Oratorio Society of New York at Carnegie Hall – Handel’s Messiah

Handel
Messiah – Sacred Oratorio in three parts to a libretto by Charles Jennens taken from the King James & Great Bibles [sung in English]

Kathryn Lewek (soprano), Daniel Moody (countertenor), Martin Bakari (tenor) & John Brancy (baritone)

Oratorio Society of New York
Kent Tritle


Reviewed by: Susan Stempleski

Reviewed: 18 December, 2023
Venue: Stern Auditorium, Carnegie Hall, New York City

Since it first performed the work on Christmas Day, 1874, at the now long-gone Steinway Hall, the Oratorio Society of New York’s annual traversal of Handel’s Messiah has become a holiday tradition.

The orchestra’s superb intonation of the opening Sinfonia established the overall mood and set the stage for Martin Bakari’s compassionate rendition of “Comfort ye, my people”, dispatched with splendid sound and appealing sincerity. Hisfervent and powerful tenor created an atmosphere of urgency and elation in the vigorous “Every valley shall be exalted”.  

The most thrillingsolo singing came from Kathryn Lewek. Her wide-ranging, richly glowing soprano was at its best in a highly animated account of “Rejoice greatly, O daughter of Zion”. Her “How beautiful are the feet” wasreplete with devout feeling, while her radiant and uplifting “I know that my Redeemer liveth” displayed fluidity and impressive command.

Daniel Moody was another standout. His full countertenor – buoyant, fluid, effortless, and expressive – brought impeccable diction, vocal authority, and ethereal elegance to his part. He was wonderfully dramatic in “He was despised and rejected of men”, sung with passion and conviction.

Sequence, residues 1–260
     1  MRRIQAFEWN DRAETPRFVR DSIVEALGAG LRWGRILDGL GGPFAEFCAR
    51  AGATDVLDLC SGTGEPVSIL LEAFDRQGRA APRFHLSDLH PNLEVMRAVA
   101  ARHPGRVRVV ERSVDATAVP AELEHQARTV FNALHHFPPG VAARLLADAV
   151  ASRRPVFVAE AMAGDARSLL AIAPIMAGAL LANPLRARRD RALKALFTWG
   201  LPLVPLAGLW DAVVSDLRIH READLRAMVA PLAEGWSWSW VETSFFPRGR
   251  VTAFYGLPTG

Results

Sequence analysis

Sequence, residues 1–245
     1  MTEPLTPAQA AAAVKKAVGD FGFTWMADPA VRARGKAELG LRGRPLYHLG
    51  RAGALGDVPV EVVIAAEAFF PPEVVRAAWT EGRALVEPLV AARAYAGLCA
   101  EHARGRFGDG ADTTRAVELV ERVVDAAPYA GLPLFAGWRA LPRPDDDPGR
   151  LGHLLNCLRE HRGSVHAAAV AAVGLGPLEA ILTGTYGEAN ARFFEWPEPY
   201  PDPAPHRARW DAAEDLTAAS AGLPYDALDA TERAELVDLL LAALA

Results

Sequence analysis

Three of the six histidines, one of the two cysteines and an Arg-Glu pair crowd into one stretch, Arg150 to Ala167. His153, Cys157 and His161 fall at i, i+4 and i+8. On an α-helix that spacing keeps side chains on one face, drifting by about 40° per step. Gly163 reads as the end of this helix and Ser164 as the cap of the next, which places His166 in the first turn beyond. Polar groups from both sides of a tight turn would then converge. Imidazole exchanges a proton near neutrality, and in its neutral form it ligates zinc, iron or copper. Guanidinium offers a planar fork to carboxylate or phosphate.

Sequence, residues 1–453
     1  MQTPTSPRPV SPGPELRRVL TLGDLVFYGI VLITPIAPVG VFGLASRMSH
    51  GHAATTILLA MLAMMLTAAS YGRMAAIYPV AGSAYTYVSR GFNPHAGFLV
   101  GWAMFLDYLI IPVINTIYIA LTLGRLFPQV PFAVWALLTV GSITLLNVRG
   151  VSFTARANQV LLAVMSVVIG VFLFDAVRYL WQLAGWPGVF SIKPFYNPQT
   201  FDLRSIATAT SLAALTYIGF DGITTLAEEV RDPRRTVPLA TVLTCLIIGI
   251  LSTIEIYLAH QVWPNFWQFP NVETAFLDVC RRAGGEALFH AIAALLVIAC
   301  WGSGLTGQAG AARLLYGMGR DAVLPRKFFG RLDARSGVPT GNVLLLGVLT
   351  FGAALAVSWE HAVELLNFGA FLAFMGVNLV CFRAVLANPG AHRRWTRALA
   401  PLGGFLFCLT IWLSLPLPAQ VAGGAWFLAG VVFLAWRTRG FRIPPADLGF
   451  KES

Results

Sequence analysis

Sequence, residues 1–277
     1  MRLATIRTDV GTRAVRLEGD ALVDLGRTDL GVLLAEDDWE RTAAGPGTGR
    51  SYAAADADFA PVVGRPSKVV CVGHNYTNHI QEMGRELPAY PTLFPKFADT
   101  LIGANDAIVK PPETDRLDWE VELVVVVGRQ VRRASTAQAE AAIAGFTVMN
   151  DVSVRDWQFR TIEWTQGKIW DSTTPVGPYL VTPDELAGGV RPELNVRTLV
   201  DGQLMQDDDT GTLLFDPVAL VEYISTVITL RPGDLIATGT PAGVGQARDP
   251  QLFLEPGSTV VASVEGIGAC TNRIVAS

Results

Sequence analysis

John Brancy’s deep and vibrant bass-baritone added welcome weight to the narrative. His powerful voice and strong stage presence lent a sense of impending gravity to “Why do the nations so furiously rage together?” His rendition of “The trumpet shall sound” was appropriately exultant, spurred on by Maximilian Morel’s clarion trumpet.

Leading the forces with bravura, precision and commitment, music director Kent Tritle created emotion, energy, and excitement. His graceful gestures and masterful variations in tempo and dynamics injected Handel’s opus with vigor and life. The 200-strong chorus, sounding plush and full-bodied, sang with pinpoint diction, impeccable tonal blend, and stimulating energy, and it was thrilling to hear the 33-member orchestra perform with such exuberance and expression, with expert contributions from Rachel Handman on violin, Dianne Lesser on oboe, and top-notch timpani-playing at the ends of Parts 2 and 3 was a key element in this concert’s overall feeling of jubilance.

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